GULU – Uganda Development Bank Limited (UDB) has earmarked about Shs 35.3 billion to reduce poverty among 1.5 million Ugandans in the next four years, through agro-industrialization, manufacturing, infrastructure development, human capital development, and tourism.
This revelation was made during a Business Clinic on the Social Economic Development Impact of the Post War Northern Uganda on Thursday at Bomah Hotel in Gulu City on Thursday, August 26th,2021.
In partnership with Operation Wealth Creative (OWC), the five-year project which started in 2020, includes among other things; supporting farmers to reduce post-harvest losses.
A 2014 report by Simon J. Costa on “Reducing Food Losses in Sub-Saharan Africa,” indicates Uganda in some sectors loses 40% of its yields post-harvest due to inadequate storage facilities and surpluses, poor drying and high moisture content during drying, storage impurities, contamination, damage by pests and insects, leading to food insecurity, and undernutrition among smallholder families, especially during off-season periods.
Steve Kakonge, the Senior Investment Manager in charge of agriculture at UDB said the bank intends to support farmers to acquire silos, storage warehouses, tarpaulins, and moisture meters, to enable them to store their harvests for longer periods.
Other projects include; supporting women to start or grow their businesses and helping farmers acquire irrigation schemes to feed their farms.
“Most of our agriculture is still rain-fed and that is not sustainable because (weather) patterns have changed. You might expect rains in March and it does not show up,” Kakonge said.
“We also have that cattle corridor, which is dry. We would like to see people there getting into more production by harvesting water or getting underground water to feed crops during the dry period,” Kakonge added.
“Women have for decades not been favored culturally and in the employment world, which makes them lack the security they require to start their businesses on a large scale,” he stated.
“So, we want to have products that we can tweak to suit the women and bring them on board and at the same level as men by giving them access to finances,” he said.
While women make up 77% of total farmers, less than 20% of women farmers control outputs from their efforts and only 27% of registered land is owned by women, according to a pilot study by International Food Standard Project Report, 2016.
“Across our high impact goals, we are targeting to uplift up to one million Ugandans out of poverty and make sure at least 500,000 Ugandans are food secure,” he added.
Asked how much money the bank intends to inject into the project, Kakonge said; “We can’t place an exact figure, but our lending can go as high as USD10 million which is about Shs 35.3 billion.”
Ronald Reagan Ojok, the Senior Monitoring and Evaluation Officer (UDB) said, in 2020, the bank revised its sustainability strategy to align itself with National Development Plan III (NDP III) and the Sustainable Development Goals (SDGs) to implement projects that are in line with the government’s aspirations.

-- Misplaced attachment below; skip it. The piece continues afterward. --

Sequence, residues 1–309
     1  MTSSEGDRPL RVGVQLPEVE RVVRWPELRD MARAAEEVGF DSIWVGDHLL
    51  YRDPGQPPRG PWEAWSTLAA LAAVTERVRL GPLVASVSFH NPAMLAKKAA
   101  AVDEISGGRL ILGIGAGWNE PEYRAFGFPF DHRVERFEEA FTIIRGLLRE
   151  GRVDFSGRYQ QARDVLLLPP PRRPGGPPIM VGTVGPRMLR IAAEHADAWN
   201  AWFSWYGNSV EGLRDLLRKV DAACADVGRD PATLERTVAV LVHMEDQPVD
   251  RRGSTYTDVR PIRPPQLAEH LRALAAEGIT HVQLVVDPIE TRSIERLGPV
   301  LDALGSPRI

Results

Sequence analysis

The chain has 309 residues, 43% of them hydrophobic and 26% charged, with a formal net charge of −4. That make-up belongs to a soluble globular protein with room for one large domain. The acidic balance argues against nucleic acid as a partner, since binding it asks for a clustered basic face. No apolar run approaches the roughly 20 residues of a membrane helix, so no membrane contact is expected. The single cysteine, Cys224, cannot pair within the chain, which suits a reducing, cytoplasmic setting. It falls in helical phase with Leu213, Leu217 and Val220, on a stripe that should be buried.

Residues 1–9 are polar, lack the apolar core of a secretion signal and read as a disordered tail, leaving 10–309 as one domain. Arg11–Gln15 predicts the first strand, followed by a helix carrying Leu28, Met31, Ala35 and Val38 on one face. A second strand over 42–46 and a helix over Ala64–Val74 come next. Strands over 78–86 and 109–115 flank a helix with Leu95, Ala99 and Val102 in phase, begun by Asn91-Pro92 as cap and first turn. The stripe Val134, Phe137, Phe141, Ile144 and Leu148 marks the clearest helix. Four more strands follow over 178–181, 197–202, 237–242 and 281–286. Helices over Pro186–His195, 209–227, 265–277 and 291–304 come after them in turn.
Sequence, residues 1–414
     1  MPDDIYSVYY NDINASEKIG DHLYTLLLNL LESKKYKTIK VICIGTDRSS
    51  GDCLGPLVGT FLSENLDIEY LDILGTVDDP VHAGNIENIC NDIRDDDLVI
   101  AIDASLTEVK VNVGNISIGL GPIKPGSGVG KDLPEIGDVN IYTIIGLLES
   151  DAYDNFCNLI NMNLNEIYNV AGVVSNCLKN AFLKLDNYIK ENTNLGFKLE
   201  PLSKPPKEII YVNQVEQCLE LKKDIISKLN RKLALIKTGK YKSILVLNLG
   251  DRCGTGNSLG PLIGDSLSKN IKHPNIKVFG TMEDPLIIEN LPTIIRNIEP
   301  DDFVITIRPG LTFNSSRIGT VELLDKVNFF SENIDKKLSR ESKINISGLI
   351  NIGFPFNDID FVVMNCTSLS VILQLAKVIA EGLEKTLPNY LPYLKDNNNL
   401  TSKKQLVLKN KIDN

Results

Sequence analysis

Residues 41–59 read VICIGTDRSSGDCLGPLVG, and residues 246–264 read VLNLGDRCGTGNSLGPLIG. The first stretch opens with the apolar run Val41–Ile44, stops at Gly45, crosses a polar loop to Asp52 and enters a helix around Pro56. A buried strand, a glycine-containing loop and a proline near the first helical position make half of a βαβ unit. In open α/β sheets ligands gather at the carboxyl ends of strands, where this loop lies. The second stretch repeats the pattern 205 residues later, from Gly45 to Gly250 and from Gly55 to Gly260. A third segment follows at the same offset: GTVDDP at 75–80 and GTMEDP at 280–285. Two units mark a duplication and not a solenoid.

“We are not the only entity trying to improve the quality of life of Ugandans and that we well understand. But our entry point will be reducing poverty, building a sustainable food system, and industrializing Uganda to improve the quality of lives of Ugandans,” Ojok said.
“Our goal one is to uplift 1.5 million Ugandans from poverty by 2024. This figure of 1.5 million has been revised looking at the resources that have been flowing to the bank in the last one or two years. During conceptualization we were looking at 500,000 Ugandans,” he said.
According to Ojok, UDB will relieve one million people from hunger by supporting them to produce food both for home consumption and export.
“If you have excess, that means you can generate money for other home needs. There are specific value chains that have been selected, rice, cassava, and maize. If we increase yields in these areas, it means we would trigger many people to move above USD1.9 per day,” Ojok said
“We shall assess you at the time you come to the bank and try to probe whether after giving you the money there will be a possibility of increment as long as the increment can hit a salary of more than 210,000 per day, for a casual worker, we see you pulling this person from below poverty line to above poverty line,” he said.
Dr. Ogenga Otunu advised the farmers in Acholi to take full advantage of the officials of OWC in the region, and access what they need when they are still here.
“We are trying to help the farmers access finances from the bank. The region with the most fertile, largest track of land in the country but is the poorest. This must change,” Dr. Otunnu said.
Silvia Damalie Owori, a Director of Operations at OWC, and Assistant Manager to Chief Coordinator of OWC said, Acholi could have been rich already, because they have the richest investment, but did not have opportunities to make them utilize their land.
“When we had a team of cooperatives here, we were talking about cotton because my background is clothing and fashion. I asked what happened to our cotton, it used to be a cash crop?” she asked.
“We are going to restore cotton production, develop the region, and industrialize it. So, there is hope. I am here to inspire you. I have never been employed, but I recently got one of the highest positions in the land. That means you can be anything you think you want to be at any time,” Owori said.
“Now that we have the eye and ears of the President and the Chief Coordinator of OWC, let us make use of that opportunity so that we don’t fail,” she added.
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